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@todras

I’ll see if I can articulate this so it makes sense.
The way in which a fragrance presents itself in different products can be very different.
In this game generally it’s, soap/cream - aftershave/balm - EDT/EDP.
As a producer and retailer of all of the above, when designing that fragrance, how do you approach it? The complexity and evaporation curve are much more difficult to express in a soap, it’s much more of an instant gratification product that with many just gets drowned out immediately by an aftershave and a edt/edc/edp.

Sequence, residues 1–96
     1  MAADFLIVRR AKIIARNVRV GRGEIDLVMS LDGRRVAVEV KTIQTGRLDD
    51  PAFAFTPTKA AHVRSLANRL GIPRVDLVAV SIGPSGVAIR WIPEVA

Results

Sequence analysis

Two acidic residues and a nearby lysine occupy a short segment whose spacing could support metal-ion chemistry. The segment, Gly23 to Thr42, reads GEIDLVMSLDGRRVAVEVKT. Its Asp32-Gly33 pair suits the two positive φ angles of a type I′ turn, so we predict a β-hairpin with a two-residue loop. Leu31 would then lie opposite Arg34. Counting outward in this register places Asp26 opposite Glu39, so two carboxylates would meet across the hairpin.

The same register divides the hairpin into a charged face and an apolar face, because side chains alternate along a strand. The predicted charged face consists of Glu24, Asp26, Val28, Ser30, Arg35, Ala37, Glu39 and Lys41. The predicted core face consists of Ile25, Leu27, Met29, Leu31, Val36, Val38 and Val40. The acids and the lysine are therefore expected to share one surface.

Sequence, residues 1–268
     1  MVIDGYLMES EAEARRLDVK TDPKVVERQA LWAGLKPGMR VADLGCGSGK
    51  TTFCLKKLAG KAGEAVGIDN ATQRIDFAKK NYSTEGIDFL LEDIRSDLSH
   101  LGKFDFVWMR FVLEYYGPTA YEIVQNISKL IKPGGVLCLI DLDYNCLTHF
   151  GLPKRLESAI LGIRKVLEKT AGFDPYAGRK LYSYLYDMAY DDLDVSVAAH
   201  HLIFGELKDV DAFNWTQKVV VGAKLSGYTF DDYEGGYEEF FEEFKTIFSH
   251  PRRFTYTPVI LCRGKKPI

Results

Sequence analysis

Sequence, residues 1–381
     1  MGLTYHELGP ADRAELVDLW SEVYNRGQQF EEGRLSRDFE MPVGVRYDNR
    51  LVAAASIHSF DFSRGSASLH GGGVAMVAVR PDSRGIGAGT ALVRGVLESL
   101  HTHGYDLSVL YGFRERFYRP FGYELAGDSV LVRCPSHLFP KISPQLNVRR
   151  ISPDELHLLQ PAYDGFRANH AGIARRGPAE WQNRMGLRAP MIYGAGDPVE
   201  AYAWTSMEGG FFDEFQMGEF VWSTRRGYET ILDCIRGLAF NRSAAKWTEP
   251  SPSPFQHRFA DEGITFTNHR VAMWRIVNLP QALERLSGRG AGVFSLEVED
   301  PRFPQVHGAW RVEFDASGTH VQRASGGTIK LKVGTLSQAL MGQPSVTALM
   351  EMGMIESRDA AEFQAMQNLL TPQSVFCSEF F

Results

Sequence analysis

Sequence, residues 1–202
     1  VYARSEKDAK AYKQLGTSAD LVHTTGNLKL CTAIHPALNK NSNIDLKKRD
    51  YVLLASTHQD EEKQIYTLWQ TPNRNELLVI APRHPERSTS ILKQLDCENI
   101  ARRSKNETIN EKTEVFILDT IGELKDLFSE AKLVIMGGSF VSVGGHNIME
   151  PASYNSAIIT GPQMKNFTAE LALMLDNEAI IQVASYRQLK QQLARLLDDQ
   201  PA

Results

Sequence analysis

Do you design with the aftershave and EdP at the forefront or the soap?

Reason for the Q? I think Will dropped the ball with Promises and forgot he actually sells shaving soap, because on it’s own I personally believe it’s poor, in combination with the aftershave it’s so so much better.